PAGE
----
Mutations involving the nuclear factor-κB (NF-κB) pathway are present in at least 17% of multiple myeloma (MM) tumors and 40% of MM cell lines (MMCLs). These mutations, which are apparent progression events, enable MM tumors to become less dependent on bone marrow signals that activate NF-κB. Studies on a panel of 51 MMCLs provide some clarification of the mechanisms through which these mutations act and the significance of classical versus alternative activation of NF-κB. First, only one mutation (NFKB2) selectively activates the alternative pathway, whereas several mutations (CYLD, NFKB1, and TACI) selectively activate the classical pathway. However, most mutations affecting NF-κB-inducing kinase (NIK) levels (NIK, TRAF2, TRAF3, cIAP1&2, and CD40) activate the alternative but often both pathways. Second, we confirm the critical role of TRAF2 in regulating NIK degradation, whereas TRAF3 enhances but is not essential for cIAP1/2-mediated proteasomal degradation of NIK in MM. Third, using transfection to selectively activate the classical or alternative NF-κB pathways, we show virtually identical changes in gene expression in one MMCL, whereas the changes are similar albeit nonidentical in a second MMCL. Our results suggest that MM tumors can achieve increased autonomy from the bone marrow microenvironment by mutations that activate either NF-κB pathway.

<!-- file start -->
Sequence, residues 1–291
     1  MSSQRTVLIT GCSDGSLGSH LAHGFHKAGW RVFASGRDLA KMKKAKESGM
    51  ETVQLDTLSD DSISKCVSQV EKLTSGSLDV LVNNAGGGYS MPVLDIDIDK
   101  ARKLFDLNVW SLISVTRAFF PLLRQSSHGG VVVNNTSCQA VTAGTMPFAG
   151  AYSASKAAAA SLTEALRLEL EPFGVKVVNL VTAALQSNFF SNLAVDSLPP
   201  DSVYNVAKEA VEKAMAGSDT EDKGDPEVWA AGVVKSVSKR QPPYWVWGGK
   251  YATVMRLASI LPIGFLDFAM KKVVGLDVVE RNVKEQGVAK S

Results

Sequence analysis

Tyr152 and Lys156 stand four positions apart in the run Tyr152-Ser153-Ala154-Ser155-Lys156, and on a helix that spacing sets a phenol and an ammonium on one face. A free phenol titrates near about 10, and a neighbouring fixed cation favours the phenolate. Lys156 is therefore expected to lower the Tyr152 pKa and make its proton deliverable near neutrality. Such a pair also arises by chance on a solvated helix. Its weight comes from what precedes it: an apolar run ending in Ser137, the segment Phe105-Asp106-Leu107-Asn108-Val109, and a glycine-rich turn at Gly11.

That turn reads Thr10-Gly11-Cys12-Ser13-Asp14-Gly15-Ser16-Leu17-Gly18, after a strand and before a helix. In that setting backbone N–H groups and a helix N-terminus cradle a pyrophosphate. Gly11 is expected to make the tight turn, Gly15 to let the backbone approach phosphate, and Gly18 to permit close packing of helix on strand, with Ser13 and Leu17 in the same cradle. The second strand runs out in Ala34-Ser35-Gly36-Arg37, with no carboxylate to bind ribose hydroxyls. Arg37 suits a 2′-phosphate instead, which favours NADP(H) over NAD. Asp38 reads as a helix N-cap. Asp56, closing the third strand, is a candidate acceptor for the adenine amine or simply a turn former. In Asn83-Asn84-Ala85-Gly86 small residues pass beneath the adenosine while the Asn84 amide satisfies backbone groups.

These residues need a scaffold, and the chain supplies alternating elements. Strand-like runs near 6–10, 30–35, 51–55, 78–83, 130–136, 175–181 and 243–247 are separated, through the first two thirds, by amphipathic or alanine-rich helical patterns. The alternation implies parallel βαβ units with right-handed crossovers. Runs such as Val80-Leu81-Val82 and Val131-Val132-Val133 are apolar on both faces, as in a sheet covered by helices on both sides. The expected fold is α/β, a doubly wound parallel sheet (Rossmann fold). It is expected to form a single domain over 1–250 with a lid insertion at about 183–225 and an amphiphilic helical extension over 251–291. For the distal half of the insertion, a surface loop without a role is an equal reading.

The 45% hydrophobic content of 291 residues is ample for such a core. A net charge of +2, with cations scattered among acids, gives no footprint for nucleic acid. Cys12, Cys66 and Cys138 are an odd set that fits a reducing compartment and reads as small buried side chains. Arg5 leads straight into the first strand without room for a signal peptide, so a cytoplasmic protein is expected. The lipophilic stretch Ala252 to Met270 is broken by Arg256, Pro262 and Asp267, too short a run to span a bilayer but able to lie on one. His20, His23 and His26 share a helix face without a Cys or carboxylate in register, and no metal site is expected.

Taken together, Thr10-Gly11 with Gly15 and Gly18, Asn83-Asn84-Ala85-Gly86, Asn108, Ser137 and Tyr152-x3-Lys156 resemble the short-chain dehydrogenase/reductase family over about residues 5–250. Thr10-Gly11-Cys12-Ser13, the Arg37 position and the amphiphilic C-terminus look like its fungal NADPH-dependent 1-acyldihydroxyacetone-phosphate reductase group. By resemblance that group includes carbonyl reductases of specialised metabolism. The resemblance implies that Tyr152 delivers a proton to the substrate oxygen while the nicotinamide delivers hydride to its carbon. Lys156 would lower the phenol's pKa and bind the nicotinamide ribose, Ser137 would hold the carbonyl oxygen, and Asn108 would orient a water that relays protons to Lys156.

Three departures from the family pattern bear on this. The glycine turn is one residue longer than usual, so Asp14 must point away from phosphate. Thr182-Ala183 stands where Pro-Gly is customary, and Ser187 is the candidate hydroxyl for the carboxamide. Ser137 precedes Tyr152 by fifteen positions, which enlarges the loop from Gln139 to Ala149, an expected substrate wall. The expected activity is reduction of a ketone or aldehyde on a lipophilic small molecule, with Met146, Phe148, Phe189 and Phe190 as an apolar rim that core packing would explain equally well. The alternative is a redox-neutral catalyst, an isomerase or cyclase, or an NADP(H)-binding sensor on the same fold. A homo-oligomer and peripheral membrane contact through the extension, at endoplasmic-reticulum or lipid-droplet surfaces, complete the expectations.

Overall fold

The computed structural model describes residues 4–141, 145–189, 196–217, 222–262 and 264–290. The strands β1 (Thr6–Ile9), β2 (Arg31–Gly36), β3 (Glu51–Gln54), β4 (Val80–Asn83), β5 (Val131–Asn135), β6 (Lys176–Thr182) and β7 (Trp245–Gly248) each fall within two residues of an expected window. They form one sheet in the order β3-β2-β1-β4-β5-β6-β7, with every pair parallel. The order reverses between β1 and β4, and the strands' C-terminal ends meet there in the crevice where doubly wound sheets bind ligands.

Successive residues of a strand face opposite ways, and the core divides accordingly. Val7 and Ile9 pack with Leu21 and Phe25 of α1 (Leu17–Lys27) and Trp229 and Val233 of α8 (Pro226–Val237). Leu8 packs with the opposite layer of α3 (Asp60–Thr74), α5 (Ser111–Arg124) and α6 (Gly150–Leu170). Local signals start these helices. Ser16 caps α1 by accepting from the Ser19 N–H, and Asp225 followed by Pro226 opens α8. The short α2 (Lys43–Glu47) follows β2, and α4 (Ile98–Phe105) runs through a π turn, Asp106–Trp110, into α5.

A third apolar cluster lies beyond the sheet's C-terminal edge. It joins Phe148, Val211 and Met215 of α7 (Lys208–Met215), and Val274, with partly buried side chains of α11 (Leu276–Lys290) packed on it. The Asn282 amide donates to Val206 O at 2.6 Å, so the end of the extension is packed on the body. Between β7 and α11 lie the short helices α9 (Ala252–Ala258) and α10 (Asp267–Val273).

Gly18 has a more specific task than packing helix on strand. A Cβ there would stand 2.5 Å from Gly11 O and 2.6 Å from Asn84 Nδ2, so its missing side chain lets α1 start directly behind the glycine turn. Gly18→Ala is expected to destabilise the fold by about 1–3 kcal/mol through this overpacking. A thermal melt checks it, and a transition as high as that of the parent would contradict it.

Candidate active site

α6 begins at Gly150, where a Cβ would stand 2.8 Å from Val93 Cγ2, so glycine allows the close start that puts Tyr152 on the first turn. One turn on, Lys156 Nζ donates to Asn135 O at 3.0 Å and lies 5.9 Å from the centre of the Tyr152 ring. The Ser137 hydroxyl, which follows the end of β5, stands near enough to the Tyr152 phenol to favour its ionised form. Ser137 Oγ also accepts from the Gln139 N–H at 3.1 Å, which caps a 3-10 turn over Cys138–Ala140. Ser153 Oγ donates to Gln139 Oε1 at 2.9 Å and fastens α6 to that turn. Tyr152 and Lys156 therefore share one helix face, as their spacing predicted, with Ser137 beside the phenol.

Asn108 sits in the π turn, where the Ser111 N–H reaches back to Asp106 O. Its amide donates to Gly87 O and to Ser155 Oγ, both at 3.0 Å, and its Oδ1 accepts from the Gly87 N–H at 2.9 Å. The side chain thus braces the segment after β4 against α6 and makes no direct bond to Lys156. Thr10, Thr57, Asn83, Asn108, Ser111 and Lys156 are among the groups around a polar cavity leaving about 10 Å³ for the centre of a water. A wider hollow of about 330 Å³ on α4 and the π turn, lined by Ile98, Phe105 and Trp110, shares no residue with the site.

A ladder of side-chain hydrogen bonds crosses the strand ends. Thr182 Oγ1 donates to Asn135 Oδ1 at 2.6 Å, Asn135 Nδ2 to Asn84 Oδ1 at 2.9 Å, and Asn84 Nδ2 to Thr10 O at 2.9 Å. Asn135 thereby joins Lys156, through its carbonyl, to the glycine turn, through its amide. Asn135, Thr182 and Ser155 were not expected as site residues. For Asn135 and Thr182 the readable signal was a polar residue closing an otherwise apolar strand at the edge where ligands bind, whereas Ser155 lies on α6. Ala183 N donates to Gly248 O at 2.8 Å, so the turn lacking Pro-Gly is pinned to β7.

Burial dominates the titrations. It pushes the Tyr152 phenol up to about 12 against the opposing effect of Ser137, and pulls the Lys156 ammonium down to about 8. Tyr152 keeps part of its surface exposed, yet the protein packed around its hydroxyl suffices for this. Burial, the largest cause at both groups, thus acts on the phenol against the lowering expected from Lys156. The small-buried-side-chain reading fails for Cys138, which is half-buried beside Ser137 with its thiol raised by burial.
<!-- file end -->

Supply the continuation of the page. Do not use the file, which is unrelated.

ASJC Scopus subject areas
- Cell Biology